The Yamuna River: an environmental, spiritual and public health crisis

Magis: India participants at a water treatment facility in Agra.

Over the winter break, a group of Georgetown students participated in the Magis: India immersion trip. Led by Brahmachari Sharan, director for Dharmic Life & Hindu Spiritual Advisor and Dr. Jim Wickman, director for Catholic Life and Campus Liturgist, the trip centered on health and environmental disparities in and around New Delhi, in particular, those that are related to the pollution of the Yamuna River, a major tributary of the Ganges River. Magis: India participant Anna Naiyapatana (SFS’ 21) shares her reflection of her experience on the trip. 

“I honor the divine river Yamunā, whose beautiful waters make even heaven look as insignificant as a blade of grass… You wash away the misdeeds of all beings, removing our arrogance: may you please wash away the impurity from my mind always.”
– Vallabhacharya (1479-1531), Yamunastakam  (An ode to Yamuna)

In front of me stood the ivory-white mausoleum, one of the seven wonders of the world; yet my gaze was fixed elsewhere. Flowing beside the Taj Mahal was the Yamuna River. Its water was dark in color, not clean but neither murky nor putrid. The condition of the Yamuna at India’s most renowned tourist attraction was nothing like what I and the other Magis: India participants saw in New Delhi. There, the water was dark gray, almost black, acrid foam floated on top, and the riverbank was covered with garbage. It was as if there were two different rivers, rendered distinct through privilege, negligence, and injustice. 

Before flying to India, the Magis: India team watched a documentary called The Stolen River which focuses on the pollution of the Yamuna. However, watching the film cannot compare to seeing the polluted river in person or hearing directly from the people whose lives are directly affected by its degradation. During our visit to Sandipani Muni School in Vrindavan, a city considered to be one of the most sacred places in Vaishnava Dharma (one of the three monotheist Hindu Dharmas), the schoolgirls described to us the spiritual significance of the Yamuna and that it is believed that the water cleanses devotees of their sins and illnesses. They also told us about family members who have gotten sick from touching or consuming the water and how it saddened them that the water described as pristine in the scriptures has become so poisonous. One girl remarked that the water was so toxic — it had caused skin disease to a family member — that her family could not even use the water for Wudu (Muslim ritual ablutions), having to use sand instead.

School girls at the Sandipani Muni School getting water during their lunch break. 

The pollution of the Yamuna River is not just an environmental crisis — it is also a spiritual crisis and a public health crisis. The school had organized multiple volunteer events to try to clean up the river, but their communal efforts could not address the sources of pollution: urban and industrial waste. 

To better understand what is being done to address this environmental and health crisis on a larger scale, we visited government agencies, local water treatment facilities, environmental NGOs, as well as private sector groups — to name a few, the National Mission for Clean Ganga, the All India Institute Of Medical Science, Sulabh International, and Toxics Link. Each place had a different approach to and varying scales of engaging with the crisis.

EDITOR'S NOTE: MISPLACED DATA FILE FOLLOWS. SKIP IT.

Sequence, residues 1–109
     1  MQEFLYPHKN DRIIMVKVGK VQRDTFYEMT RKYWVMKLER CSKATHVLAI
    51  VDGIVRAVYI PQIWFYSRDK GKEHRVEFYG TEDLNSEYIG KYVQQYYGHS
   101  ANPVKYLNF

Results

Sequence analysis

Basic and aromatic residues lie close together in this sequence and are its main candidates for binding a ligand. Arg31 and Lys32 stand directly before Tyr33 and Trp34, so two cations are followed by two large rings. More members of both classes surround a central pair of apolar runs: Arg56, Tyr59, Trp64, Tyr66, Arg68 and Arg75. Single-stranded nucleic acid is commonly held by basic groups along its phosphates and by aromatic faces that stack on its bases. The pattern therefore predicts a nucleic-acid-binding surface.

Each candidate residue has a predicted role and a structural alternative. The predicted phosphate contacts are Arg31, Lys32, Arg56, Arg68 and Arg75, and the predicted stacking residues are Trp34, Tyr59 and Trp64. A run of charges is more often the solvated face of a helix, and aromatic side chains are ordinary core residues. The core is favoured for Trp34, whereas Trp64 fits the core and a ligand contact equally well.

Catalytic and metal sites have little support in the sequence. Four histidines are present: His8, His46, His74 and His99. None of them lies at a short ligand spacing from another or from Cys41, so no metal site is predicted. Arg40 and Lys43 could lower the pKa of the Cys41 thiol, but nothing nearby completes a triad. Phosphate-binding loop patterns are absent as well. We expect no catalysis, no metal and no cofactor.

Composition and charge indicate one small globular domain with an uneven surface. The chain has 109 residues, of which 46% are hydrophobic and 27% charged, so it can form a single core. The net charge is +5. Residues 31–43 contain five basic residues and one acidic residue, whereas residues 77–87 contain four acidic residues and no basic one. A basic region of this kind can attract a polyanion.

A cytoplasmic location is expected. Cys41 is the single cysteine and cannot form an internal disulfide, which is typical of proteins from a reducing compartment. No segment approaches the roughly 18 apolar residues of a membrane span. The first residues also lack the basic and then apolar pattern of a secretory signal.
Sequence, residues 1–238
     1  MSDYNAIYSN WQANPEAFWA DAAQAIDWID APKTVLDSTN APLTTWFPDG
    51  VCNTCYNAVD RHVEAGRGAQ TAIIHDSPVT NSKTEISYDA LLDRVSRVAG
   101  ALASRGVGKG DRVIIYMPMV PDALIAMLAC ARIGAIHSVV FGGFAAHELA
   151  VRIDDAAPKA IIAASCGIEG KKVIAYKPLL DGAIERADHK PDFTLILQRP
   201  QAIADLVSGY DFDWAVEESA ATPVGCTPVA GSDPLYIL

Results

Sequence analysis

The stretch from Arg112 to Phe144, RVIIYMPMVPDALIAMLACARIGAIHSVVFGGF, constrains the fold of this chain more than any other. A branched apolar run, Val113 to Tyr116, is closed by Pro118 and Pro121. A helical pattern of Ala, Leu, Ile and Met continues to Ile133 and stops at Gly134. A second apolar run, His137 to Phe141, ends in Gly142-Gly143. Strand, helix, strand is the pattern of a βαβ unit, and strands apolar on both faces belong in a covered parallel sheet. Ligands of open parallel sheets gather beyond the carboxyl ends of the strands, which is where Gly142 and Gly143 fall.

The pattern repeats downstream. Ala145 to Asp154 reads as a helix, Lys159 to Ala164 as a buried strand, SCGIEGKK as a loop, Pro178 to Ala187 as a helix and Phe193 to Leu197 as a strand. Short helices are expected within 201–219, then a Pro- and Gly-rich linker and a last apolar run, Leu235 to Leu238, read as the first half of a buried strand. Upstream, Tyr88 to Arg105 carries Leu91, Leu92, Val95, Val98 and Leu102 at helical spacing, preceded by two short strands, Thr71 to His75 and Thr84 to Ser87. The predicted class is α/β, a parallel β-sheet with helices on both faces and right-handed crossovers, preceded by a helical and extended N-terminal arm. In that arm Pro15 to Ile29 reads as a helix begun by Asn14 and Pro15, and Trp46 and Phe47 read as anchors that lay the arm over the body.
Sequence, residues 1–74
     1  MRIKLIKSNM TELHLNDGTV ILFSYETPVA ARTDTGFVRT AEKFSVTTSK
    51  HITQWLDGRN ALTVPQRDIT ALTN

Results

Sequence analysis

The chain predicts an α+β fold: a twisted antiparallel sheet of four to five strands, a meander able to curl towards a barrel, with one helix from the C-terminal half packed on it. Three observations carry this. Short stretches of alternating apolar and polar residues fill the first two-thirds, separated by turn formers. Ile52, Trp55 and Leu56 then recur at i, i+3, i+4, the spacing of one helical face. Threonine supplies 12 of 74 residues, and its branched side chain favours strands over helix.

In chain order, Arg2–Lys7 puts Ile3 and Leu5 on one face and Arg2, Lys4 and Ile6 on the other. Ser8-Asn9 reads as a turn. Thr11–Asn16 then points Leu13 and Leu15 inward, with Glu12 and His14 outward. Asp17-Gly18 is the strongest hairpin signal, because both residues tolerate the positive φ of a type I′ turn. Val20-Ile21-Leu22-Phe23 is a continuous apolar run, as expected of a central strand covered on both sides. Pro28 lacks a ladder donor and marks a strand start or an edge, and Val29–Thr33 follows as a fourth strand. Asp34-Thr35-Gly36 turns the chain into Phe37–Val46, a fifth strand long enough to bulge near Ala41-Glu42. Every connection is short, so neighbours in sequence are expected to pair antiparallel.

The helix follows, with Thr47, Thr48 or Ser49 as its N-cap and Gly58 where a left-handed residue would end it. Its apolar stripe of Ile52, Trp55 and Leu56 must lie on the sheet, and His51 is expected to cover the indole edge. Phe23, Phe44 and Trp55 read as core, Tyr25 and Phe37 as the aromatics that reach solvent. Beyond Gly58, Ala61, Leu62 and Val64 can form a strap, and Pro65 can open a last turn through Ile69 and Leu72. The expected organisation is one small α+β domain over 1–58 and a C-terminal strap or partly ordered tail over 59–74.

While government agencies have introduced many policies to try to improve the condition of the water, they are often challenged by political and economic interests with differing priorities.  The organization visits made me realize the complexity of environmental justice and that there is no easy fix especially when there are so many competing interests. Unfortunately, unless there is increased cooperation between various sectors and cleaning the Yamuna becomes a priority, the condition of the river will continue to deteriorate. 

Onboard the plane flying back to the United States, my stomach churned with an uncomfortable thought. Unlike me who traveled to India on a school field trip to learn about the polluted Yamuna, the schoolgirls at Sandipani Muni School cannot fly away from the problem. They are living with pollution. As the globalized economy demands increased production from the industries that polluted the Yamuna, the American consumerist lifestyle becomes increasingly more connected to the worsening condition of the river. If that is the case, with my privilege and personal consumption habits, I am personally culpable. 

The question then becomes, what is my personal responsibility in this environmentally-deteriorating world? Where am I to be held accountable? How can I contribute to change? Will the changes I make have any meaning if there is no structural change in the global economic system? I am still jostling with these questions, and I have not yet found a satisfactory answer. Yet, these questions have directed me to navigate the world with deeper consciousness and contemplation over my actions. 

Reflection and photos by Anna Naiyapatana
Anna Naiyapatana (SFS’ 21) is a graphic designer for Campus Ministry

Magis Immersion trips are part of Georgetown University’s Alternative Breaks Program (ABP) where students spend their school breaks learning about intersecting social justice issues. As a collaborative trip between the Office of Campus Ministry and the Center for Social Justice, the Magis trips observe the connection between faith and justice. 

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